However, if one’s worldview is different from what exists in reality, confusion sets in. Things aren’t right. It is like trying to watch a 3D movie with 2D glasses.
The truth is, every one of us has a worldview. We have developed our worldview mainly through personal experience as well as what has been modeled, explained or recommended to us by those we admire or those we do not admire. While our society clings to its worldviews, the mantra of our postmodern age is that reality does not exist. There are no meta-narratives or truths one must align one’s worldview with. There is no movie on the wall. Only the lenses matter.
The Bible, however, presents a very different picture. The Bible tells us there is a God who is all-powerful and sovereign. This God is good and full of mercy but also holy and wrathful in judgment toward sin. The Bible presents us with a God and Gospel not of our own making, but as they both exist in reality.
We may not like this God. We may disagree with what He has created, purposed, designed and called good. Like the serpent in Genesis 3, we may ask, “Did God really say?” and be tempted to respond by adjusting God’s reality to our worldview with the words, “Surely you won’t…” But it doesn’t change what is true.
Our modern era is a clash of worldviews. Social media has enabled each person with a voice to proclaim their view of objective reality, and often it is done with the forceful claim that our view is itself reality. But God has not given us the capacity to define reality. He has, however, given us the tools with which to view reality correctly. When we come under the Word and its authority, we understand God for who He is and our sinful, broken world for what it is. God even gives believers the Holy Spirit to correct, adjust and clean our lenses daily, so they are more in alignment with reality.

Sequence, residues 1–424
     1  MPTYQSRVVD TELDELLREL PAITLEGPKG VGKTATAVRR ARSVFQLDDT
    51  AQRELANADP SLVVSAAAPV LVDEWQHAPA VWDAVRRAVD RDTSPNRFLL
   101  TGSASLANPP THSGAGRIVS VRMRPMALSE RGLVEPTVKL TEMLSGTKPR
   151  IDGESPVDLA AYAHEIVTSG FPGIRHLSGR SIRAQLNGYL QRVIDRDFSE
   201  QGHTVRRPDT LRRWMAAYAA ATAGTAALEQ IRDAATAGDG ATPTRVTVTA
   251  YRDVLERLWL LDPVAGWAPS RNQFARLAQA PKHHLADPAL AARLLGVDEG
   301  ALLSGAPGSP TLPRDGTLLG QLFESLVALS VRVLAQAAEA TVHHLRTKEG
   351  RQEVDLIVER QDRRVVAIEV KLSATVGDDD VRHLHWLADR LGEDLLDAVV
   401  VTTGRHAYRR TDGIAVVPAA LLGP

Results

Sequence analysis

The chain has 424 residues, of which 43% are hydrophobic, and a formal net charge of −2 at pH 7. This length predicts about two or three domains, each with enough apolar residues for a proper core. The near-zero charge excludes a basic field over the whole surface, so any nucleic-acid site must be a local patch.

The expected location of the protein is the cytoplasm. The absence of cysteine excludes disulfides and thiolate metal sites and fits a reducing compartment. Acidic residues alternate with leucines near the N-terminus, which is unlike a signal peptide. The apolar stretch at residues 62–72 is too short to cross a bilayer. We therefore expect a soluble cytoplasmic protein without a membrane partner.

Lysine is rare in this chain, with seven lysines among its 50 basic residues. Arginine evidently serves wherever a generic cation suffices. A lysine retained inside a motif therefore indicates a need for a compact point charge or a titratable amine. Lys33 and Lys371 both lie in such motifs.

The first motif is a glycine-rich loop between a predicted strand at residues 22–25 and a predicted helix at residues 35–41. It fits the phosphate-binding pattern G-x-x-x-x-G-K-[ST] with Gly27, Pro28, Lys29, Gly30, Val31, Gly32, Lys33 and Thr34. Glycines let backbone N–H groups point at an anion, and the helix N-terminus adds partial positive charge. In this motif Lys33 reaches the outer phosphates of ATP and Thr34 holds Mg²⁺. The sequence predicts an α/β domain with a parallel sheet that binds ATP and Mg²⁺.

When we come to God and the Bible, we must come with an open-handed worldview. We must submit ourselves, our opinions and our desires to what God says is right, true and good. We have to wear God’s lenses to understand His story. Wherein those things seem out of alignment, we must seek to change our worldview, not the Scriptures. We must clean our lenses, not try to repaint the screen.
When we believe the world doesn’t make sense, or become confused by the myriad of voices in the air, let us remember that God has not left us alone in the dark. God gives us the right worldview in the Scriptures through which to see reality.
When God defines our view of His reality, we worship Him. Let us praise God for the illumination of His Gospel lenses through the Scripture and commit ourselves to not seeking to take peeks through our natural eyes or embrace distortions of the reality before us. As the apostle Paul prayed for the Ephesians,
“I pray that the God of our Lord Jesus Christ, the glorious Father, would give you the Spirit of wisdom and revelation in the knowledge of him. I pray that the eyes of your heart may be enlightened so that you may know what is the hope of his calling, what is the wealth of his glorious inheritance in the saints, and what is the immeasurable greatness of his power toward us who believe, according to the mighty working of his strength” (Eph. 1:17-19).